Pennsylvania school district gives teachers tiny bats to fend off intruders

Pennsylvania school district gives teachers tiny bats to fend off intruders


Millcreek Township School District Superintendent William Hall holds one of the bats that teachers received. (Photo: Erie News Now)

Another Pennsylvania school district adopted an unorthodox approach this month to fighting back against armed intruders — this time, in the form of tiny wooden bats.

Millcreek Township School District in suburban Erie handed out the 16-inch “souvenir bats” to more than 500 teachers and staff on April 2 after updating its security plan in the wake of high-profile school shootings across the country. The district serves more than 7,400 students and spent roughly $1,800 on the bats.

Superintendent William Hall defended the decision Thursday after media reports surfaced mocking the district’s approach.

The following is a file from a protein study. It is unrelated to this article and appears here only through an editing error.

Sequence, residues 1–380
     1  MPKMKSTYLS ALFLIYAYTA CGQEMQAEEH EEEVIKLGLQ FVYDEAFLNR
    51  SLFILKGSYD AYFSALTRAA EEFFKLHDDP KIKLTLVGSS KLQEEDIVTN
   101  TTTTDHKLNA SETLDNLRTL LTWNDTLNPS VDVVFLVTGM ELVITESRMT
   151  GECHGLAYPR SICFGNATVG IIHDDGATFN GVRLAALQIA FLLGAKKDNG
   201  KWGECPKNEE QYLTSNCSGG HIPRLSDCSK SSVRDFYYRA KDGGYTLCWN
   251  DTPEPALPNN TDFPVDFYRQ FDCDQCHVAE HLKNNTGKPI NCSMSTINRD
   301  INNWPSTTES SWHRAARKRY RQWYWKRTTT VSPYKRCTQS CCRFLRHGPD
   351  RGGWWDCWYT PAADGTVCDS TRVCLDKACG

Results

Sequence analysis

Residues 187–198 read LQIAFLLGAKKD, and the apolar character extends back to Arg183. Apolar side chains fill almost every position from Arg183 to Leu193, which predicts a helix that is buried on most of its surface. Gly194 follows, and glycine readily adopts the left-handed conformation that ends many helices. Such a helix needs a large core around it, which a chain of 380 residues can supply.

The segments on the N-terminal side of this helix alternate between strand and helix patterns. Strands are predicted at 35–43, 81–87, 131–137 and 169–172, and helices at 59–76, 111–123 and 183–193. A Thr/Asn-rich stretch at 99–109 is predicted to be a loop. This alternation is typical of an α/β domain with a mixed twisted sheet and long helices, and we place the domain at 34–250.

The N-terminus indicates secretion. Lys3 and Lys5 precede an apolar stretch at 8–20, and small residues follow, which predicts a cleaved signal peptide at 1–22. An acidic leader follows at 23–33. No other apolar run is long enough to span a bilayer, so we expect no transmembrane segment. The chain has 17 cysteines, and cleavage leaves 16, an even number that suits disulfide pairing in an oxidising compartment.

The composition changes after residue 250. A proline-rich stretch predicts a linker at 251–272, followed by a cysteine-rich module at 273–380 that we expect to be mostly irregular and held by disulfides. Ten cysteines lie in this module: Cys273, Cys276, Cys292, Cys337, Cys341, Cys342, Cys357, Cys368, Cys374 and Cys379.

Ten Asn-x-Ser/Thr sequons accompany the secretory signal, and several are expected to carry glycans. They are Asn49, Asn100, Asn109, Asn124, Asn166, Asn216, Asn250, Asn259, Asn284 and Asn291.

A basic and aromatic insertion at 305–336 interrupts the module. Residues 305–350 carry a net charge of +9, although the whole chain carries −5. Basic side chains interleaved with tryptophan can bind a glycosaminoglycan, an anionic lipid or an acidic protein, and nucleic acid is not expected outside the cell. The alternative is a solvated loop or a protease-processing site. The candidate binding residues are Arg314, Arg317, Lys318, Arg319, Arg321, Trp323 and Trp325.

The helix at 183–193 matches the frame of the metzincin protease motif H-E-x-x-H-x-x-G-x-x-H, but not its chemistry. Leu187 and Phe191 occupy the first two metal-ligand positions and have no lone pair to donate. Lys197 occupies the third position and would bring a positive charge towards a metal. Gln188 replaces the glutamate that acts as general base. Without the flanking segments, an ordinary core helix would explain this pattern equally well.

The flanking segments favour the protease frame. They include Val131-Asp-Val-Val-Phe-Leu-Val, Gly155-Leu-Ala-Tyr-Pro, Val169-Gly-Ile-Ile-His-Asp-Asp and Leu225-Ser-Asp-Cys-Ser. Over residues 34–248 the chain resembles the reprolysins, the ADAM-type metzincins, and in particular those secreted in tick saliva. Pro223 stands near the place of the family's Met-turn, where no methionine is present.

“We hope the day will never come that our staff will have to defend students and themselves,” he said. “However, we want our staff to know that in a life and death situation, an attack option may be necessary and to use any available tool at their disposal.”

Hall reiterated the bats serve as a last-resort, only authorized for use in a “hard lockdown” situation, in addition to whatever else staff could utilize as a weapon — including chairs, staplers, books and fire extinguishers.

“It is not the primary deterrent, but rather it is something that may be used in an emergency situation, and symbolizes our intent to take an active approach to defending our students and staff under threat,” he said.

Millcreek is just the second school district in the state to adopt an unusual attack plan against active shooters. Blue Mountain School District, about 90 miles east of Philadelphia, placed five gallon buckets of river rocks in all of its classrooms last month as a “last resort” for teachers in an emergency situation.

“If an armed attacker attempts to gain access to our classroom, they will face a students armed with rocks and they will be stoned,”  said Superintendent David Helsel last month. “They are the right size for hands. You can throw them very hard and they will create or cause pain, which can distract.”





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